Moving Home Page Forums Operational Leadership SWAT Command Decision-Making And Leadership I: Leadership Are we participating in exercises to test ourselves?

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    • #4497
    • #6358
      mmWayne Griffin

      Yes, we do conduct table top exercises where we simulate incidents at football games, hurricanes, train derailments, and other major events. These exercises are conducted with local, state and federal law enforcement agencies, emergency medical services, city workers, and other city leaders.

    • #6479
      mmDrew Leblanc

      I think the most prominent support we can get as SWAT commands is the ability to have quality training that tests the parameters of normal training measures. I believe the multi-faceted approach into different disciplines prepares SWAT operations for success. We do mass casualty incident with both state and local government entities to embrace the separate disciplines and their ideas. I believe the more we work in collaborative groups will allow for future success when it comes to mass casualty events.

    • #6673
      Jeffrey Brown

      I believe we need to walk the walk and talk the talk as much as possible. As a team leader I was able to be with the men all the time. The duties of Commander have somewhat changed my perspective and I have to look at training and operations. I must be careful not to get too far down into the grass and get in the way of subordinate leaders. I still participate when I can. I maintain weapons and PT qualifications with the team. If there is a physical gut check or an exercise to make everyone question their own their personal motivation I with them. Otherwise my job is to learn as much as I can about the big picture, to develop subordinate leaders and let them run their elements. The lessons I learn in this type of training and implementing those lessons with my team and our operations are my real life test exercises.

    • #7682
      mmJacob Taylor

      We should be. Any time we try new equipment or tactics we should be testing and documenting. We should also be testing ourselves to evaluate progress and set standards and expectations.

    • #7728
      Anthony Kies

      Every day you go to work as a patrol officer you should in someway be doing exercises in your down time to test yourself. As a SWAT team and a more importantly a new multi-jurisdictional SWAT Team I believe that all of our training exercises test ourselves. We do this with Team Leaders, Command and Administration. We conduct hands on live training, simulator training, table tops and simply test all of our new products to make sure it works for us. We of all elements of the law enforcement field must train to make sure above all that we know what our limitations are. That is the most important part that at times gets left out and sometimes missed due to all the things you can do. What I want to know as a Commander is what is your (our) limitations as a team and make sure that I have the proper people in place before I need them.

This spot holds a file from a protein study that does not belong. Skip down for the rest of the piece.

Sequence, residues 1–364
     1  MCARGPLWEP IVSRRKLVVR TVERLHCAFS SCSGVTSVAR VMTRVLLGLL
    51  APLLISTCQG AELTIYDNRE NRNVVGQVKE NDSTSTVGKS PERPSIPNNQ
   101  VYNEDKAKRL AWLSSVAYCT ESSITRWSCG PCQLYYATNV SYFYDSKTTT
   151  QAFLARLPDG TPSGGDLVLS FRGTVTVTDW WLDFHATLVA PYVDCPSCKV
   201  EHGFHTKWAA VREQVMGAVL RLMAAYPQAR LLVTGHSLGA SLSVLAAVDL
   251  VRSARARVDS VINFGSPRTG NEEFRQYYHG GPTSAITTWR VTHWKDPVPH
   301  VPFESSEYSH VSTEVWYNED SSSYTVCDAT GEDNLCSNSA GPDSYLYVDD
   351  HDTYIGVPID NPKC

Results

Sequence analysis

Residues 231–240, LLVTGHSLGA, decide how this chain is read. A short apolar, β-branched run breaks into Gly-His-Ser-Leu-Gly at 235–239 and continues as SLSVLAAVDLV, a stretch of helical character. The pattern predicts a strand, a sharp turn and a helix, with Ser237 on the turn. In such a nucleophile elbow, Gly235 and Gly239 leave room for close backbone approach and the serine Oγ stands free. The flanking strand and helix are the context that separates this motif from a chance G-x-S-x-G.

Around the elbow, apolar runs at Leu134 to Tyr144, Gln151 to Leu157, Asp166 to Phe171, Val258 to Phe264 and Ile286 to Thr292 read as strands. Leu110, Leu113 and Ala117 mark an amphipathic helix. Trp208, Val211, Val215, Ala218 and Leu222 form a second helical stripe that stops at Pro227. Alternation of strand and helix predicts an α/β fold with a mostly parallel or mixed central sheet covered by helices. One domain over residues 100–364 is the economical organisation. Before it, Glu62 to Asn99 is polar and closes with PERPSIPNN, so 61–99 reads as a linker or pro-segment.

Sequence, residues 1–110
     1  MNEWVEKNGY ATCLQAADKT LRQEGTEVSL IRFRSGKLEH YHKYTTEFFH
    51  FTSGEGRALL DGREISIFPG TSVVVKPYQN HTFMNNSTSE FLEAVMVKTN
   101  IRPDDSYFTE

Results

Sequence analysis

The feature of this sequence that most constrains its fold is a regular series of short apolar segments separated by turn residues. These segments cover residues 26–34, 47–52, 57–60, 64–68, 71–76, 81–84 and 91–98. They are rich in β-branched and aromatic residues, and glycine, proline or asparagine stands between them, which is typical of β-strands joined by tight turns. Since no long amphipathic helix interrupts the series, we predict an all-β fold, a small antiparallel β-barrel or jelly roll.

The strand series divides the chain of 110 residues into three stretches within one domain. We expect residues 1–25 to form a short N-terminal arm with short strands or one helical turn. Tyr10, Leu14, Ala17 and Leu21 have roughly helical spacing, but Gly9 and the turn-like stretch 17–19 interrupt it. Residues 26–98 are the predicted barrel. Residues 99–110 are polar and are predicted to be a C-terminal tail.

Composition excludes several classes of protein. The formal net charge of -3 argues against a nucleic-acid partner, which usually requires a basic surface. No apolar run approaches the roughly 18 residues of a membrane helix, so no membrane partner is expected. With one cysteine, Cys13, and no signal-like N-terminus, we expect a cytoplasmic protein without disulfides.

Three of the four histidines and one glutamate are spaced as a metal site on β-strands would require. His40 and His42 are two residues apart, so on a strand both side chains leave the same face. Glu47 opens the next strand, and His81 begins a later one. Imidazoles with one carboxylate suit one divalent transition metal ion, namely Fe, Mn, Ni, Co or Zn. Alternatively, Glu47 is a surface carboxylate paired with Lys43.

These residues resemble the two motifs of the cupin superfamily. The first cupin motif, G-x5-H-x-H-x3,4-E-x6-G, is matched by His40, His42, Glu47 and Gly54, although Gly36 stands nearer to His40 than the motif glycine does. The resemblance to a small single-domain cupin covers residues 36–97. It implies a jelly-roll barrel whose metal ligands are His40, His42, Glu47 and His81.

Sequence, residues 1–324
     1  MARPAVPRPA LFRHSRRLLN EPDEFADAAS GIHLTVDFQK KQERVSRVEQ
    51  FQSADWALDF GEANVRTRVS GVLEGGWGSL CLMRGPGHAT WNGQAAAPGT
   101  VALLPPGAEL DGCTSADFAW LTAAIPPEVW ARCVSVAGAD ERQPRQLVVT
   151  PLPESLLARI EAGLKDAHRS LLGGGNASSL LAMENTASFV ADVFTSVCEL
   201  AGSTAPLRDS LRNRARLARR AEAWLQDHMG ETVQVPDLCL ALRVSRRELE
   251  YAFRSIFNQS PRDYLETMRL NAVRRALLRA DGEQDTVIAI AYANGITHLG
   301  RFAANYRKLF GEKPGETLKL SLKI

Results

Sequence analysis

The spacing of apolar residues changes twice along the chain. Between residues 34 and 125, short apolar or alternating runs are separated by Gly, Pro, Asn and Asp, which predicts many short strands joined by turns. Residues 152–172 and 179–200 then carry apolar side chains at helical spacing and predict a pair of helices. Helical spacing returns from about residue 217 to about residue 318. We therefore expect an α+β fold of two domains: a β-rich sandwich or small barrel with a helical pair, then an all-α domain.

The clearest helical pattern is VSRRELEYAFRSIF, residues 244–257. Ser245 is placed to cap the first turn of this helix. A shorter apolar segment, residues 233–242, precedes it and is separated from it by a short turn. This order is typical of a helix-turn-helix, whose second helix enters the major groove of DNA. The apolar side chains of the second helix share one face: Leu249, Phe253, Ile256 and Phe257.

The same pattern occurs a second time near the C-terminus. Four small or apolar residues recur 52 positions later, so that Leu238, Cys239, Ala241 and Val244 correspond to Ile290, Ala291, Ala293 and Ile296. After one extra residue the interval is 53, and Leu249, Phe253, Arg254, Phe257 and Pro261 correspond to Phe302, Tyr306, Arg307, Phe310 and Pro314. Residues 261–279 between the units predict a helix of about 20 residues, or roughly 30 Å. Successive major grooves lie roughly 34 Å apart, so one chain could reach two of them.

• #7747
      mmChris Eklund

      Team leaders must participate in exercises and training evolutions to not only continue to hone and maintain their skills but also to be able to recognize potential issues from the operators perspective. A leader may find themselves in a position to have to function as an operator and must be able to maintain that skill just as much as they need to continue to work on their abilities to lead.

    • #7857
      Max Yakovlev

      If we are not we should be. A team leader must know they his/she will react under pressure. The team must also understand and know its leaders abilities.

    • #8067
      Adam Bradford

      Yes, we conduct monthly training with multiple scenarios and tabletop exercises which require critical thinking from all Operators, at all levels of leadership.

    • #8323
      Jon Thompson

      Absolutely. Besides our monthly team training, our command element routinely does table-tops and debriefs, usually tweaking a scenario just slightly to see if the outcome or decisions may change. Some of these “exercises” are scheduled but more often than not, the scenarios stem from actual situations across the country or things we’ve learned about in the media. As a command element, we will place our team in the shoes of another team and explore what our decisions and what our teams tactics would be in a given scenario.

    • #8341
      Jesse Laintz

      We have to continue to test ourselves as most of what we do is perishable, if we don’t use it we lose it. Finding new ways to test ourselves can get challenging. This can be accomplished by hitting the books, listening to after-action reviews, and challenging your team to challenge you in training. A couple of times a year team leaders are tasked with preparing and executing scenario training when the command does not preview the training packet. The team leaders are asked to make it realistic but also to try and make it challenging for command.

    • #8459
      mmShawn Wilson

      Short answer is yes; for a variety of reasons. It is imperative that we maintain our own skillset and continue to meet Team standards. We get a closer look at the tactics being applied when we are immersed in them and then can conduct a thorough AAR of them. We are better able to identify who the decision makers on the Team are and those that are hiding. The list continues and goes on and on

    • #8491
      Thomas Carroll

      Yes. We conduct table top exercises throughout the year. Once a year we conduct a full scale training scenario with all tactical support elements included to test team capabilities.

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